It is well understood by now that support for impeachment — and for that matter, removal — of Donald Trump has risen significantly since proceedings were officially announced by Nancy Pelosi last month. That’s mostly because impeachment fever has spread among Democrats and among independents.
But it’s a separate question whether the evidence that Trump has committed impeachable acts will or won’t grow during impeachment hearings and/or a Senate trial, given the current atmosphere of partisan polarization. There is some new research from Pew suggesting that Republicans may be more open to persuasion than Democrats as the process moves along:
While 93% of Democrats say Trump has definitely or probably done things that are grounds for impeachment — including 70% who say he has definitely done such things — a smaller majority of Republicans (80%) say he has not. Fewer than half of Republicans (46%) say Trump has definitely not done things that are grounds for impeachment.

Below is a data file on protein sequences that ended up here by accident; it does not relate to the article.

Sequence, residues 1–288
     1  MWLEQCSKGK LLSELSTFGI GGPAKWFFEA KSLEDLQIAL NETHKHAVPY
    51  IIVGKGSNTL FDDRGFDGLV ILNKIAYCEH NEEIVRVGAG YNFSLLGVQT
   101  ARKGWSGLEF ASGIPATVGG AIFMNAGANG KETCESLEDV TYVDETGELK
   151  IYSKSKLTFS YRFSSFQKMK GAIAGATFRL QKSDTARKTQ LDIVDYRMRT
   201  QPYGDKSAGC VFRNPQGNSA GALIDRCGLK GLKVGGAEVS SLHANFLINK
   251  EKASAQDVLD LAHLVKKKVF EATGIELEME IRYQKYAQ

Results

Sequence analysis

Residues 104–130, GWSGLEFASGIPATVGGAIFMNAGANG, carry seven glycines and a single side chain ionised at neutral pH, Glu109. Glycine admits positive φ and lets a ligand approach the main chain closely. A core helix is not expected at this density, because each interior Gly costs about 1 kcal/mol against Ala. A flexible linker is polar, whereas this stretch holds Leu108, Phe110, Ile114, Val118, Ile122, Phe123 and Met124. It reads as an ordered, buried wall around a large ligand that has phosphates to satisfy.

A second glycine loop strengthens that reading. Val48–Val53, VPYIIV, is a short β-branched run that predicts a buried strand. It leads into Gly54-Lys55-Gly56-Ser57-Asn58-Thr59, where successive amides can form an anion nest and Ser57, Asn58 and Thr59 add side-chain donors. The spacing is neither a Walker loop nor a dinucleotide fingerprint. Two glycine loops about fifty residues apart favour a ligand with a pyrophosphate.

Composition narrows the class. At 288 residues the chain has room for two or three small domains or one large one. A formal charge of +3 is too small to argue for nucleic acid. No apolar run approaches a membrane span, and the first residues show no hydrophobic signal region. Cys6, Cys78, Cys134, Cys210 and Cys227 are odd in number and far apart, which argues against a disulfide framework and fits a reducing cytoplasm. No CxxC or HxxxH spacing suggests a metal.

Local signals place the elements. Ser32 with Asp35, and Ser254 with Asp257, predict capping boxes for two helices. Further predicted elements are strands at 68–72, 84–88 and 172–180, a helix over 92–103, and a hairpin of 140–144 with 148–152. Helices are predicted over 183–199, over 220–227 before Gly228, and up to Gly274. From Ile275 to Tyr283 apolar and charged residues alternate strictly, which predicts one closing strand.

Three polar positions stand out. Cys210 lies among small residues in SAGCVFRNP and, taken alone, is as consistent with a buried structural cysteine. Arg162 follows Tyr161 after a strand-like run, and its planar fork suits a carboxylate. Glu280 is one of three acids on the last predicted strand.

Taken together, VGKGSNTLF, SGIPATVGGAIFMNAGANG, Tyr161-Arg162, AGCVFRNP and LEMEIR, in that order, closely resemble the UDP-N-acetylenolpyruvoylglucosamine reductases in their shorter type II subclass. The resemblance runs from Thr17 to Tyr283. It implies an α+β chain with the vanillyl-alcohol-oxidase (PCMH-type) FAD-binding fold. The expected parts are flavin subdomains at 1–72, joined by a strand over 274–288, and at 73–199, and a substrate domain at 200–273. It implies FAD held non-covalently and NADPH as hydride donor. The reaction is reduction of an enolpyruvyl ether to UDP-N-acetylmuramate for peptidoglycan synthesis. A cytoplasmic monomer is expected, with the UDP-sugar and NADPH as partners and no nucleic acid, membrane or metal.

To put it another way, 54 percent of Republicans (and GOP leaners) either think Trump likely did commit impeachable acts, or are not certain he didn’t. Only 30 percent of Democrats (and leaners) appear to have open minds on the subject. That’s a pretty big “minds-made-up gap,” to coin a phrase, as we enter a period when Trump’s dubious behavior dominates news more than ever, if you can imagine that. And while most Republican pols may stick with Trump through thick and thin, his vulnerability to removal — or more likely, discouragement of his all-important base in 2020 — could grow if his misconduct becomes better known, in both its shocking quantity and disturbing quality.